Milton and the Revolutionary Reader

Milton and the Revolutionary Reader

by Sharon Achinstein

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The English Revolution was a revolution in reading, with over 22,000 pamphlets exploding from the presses between 1640 and 1661. What this phenomenon meant to the political life of the nation is the subject of Sharon Achinsteins book. Considering a wide range of writers, from John Milton, Thomas Hobbes, John Lilburne, John Cleveland, and William Prynne to a host of

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The English Revolution was a revolution in reading, with over 22,000 pamphlets exploding from the presses between 1640 and 1661. What this phenomenon meant to the political life of the nation is the subject of Sharon Achinsteins book. Considering a wide range of writers, from John Milton, Thomas Hobbes, John Lilburne, John Cleveland, and William Prynne to a host of anonymous scribblers of every political stripe, Achinstein shows how the unprecedented outpouring of opinion in mid-seventeenth-century England created a new class of activist readers and thus helped to bring about a revolution in the form and content of political debate. By giving particular attention to Miltons participation in this burst of publishing, she challenges critics to look at his literary practices as constitutive of the political culture of his age.

Traditional accounts of the rise of the political subject have emphasized high political theory. Achinstein seeks instead to picture the political subject from the perspective of the street, where the noisy, scrappy, and always entertaining output of pamphleteers may have had a greater impact on political practice than any work of political theory. As she underscores the rhetorical, literary, and even utopian dimension of these writers efforts to politicize their readers, Achinstein offers us evidence of the kind of ideological conflict that historians of the period often overlook. A portrait of early modern propaganda, her work recreates the awakening of politicians to the use of the press to influence public opinion.

Originally published in 1994.

The Princeton Legacy Library uses the latest print-on-demand technology to again make available previously out-of-print books from the distinguished backlist of Princeton University Press. These paperback editions preserve the original texts of these important books while presenting them in durable paperback editions. The goal of the Princeton Legacy Library is to vastly increase access to the rich scholarly heritage found in the thousands of books published by Princeton University Press since its founding in 1905.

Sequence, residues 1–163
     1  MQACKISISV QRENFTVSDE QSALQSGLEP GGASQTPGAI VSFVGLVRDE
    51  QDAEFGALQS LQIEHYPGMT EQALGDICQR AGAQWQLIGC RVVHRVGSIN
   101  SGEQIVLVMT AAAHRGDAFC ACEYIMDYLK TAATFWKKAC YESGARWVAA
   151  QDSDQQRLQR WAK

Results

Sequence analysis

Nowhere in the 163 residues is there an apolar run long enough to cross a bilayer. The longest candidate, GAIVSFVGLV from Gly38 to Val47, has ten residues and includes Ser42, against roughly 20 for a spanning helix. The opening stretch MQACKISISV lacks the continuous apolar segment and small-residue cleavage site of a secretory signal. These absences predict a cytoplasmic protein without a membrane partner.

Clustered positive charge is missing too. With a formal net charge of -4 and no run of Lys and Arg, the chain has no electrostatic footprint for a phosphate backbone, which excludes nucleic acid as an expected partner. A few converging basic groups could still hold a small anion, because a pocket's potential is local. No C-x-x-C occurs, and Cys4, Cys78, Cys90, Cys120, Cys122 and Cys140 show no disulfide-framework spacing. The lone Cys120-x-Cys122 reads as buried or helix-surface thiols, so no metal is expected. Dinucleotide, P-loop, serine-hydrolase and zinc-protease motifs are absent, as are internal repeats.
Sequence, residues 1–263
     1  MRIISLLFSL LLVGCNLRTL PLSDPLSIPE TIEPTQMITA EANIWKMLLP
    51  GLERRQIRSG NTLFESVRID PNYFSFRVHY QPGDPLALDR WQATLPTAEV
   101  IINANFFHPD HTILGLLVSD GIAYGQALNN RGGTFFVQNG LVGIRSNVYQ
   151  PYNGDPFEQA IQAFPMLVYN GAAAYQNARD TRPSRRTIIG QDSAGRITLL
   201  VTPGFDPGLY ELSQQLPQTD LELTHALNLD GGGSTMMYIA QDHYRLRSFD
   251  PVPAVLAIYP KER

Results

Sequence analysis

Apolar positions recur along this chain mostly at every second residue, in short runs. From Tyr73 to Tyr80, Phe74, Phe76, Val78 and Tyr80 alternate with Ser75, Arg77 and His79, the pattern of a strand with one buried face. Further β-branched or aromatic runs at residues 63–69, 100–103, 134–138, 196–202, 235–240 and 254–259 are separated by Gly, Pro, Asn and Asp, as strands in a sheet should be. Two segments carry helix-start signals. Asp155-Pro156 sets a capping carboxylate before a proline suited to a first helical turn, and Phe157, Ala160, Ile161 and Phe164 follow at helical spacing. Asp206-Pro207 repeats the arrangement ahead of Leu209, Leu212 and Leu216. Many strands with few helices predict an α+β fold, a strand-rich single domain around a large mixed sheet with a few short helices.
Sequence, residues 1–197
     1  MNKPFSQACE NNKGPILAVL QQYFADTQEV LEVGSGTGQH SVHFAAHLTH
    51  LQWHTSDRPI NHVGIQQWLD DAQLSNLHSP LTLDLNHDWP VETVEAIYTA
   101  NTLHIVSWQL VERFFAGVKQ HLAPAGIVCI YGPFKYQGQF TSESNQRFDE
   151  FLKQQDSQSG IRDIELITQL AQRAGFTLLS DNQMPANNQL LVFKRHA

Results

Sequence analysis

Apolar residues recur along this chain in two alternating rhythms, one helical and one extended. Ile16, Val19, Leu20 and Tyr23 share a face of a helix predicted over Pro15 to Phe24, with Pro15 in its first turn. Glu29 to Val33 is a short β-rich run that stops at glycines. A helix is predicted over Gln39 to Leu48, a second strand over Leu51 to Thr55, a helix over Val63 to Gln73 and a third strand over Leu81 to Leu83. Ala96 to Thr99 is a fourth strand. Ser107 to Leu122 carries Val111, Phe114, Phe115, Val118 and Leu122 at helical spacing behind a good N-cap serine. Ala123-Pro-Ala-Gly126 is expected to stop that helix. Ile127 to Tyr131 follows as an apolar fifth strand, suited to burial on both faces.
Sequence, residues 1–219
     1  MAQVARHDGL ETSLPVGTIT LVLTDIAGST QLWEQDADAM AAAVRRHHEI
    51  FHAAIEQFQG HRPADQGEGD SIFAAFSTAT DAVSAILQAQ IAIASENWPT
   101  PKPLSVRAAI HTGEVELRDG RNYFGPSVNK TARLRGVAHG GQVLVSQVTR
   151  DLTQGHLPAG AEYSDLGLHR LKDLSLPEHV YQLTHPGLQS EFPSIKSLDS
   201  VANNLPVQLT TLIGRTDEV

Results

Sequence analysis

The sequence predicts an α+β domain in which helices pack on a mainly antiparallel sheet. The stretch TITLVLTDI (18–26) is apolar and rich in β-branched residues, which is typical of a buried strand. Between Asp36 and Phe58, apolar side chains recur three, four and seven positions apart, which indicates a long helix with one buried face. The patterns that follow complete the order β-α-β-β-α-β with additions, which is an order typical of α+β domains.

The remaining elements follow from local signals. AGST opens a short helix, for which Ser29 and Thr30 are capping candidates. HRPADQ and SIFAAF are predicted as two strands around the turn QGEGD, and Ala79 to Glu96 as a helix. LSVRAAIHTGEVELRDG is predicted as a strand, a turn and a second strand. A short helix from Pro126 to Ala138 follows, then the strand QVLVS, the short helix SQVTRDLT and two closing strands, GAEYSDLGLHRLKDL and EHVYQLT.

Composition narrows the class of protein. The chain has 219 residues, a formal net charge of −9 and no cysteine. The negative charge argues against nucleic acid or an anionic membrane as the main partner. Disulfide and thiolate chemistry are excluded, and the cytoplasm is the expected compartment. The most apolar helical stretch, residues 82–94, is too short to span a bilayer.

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"This is an exciting study that all readers of Milton, at whatever level of competence will benefit from reading . . . the value of this book is its opening up of Milton's later poetry as a proper aspect of the cultural history of the period."Modern Language Review

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Milton and the Revolutionary Reader

By Sharon Achinstein


Copyright © 1994 Princeton University Press
All rights reserved.
ISBN: 978-0-691-03490-4


Revolution in Print


And if the Parliament and Military Councel doe what they doe without precedent, if it appeare thir duty, it argues the more wisdom, vertue, and magnanimity, that they know themselves able to be a precedent to others. Who perhaps in future ages, if they prove not too degenerat, will look up with honour, and aspire towards those exemplary, and matchless deeds of thir Ancestors, as to the highest top of thir civil glory and emulation.

John Milton, Tenure of Kings and Magistrates

In 1649, the House of Commons instituted a High Court of justice to try King Charles I, and named commissioners who were to be both judges and jurors in this unique case. The men who were left to call themselves Parliament after the purge in 1648 charged the king with the intent "out of a wicked design to erect and uphold in himself an unlimited and tyrannical power to rule according to his will, and to overthrow the rights and liberties of the people, yea, to take away and make void the foundations thereof ... which by the fundamental constitution of this kingdom were reserved on the people's behalf." For this, and for having "traitrously and maliciously levied war against the present Parliament, and all the people therein represented," Charles Stuart was to be put on trial for treason. In late January, Charles was found guilty and sentenced to die. These revolutionary acts were done in the name of the people and by order of law. The trial was illegal, as the king repeatedly pointed out, and the 59 men who signed the king's death warrant, out of the 150 or so judges listed on the commission, could hardly be said to represent the will of the people. On 3D January 1649, however, the death sentence was carried out before an astonished crowd. Public execution in general performed a symbolic function in English society to legitimize ruling authority. This time, however, the severed head was the king's, in a reversal of this symbolic act. The execution of Charles I stunned the English nation and all of Europe. The power being ratified belonged not to the king, but to Parliament.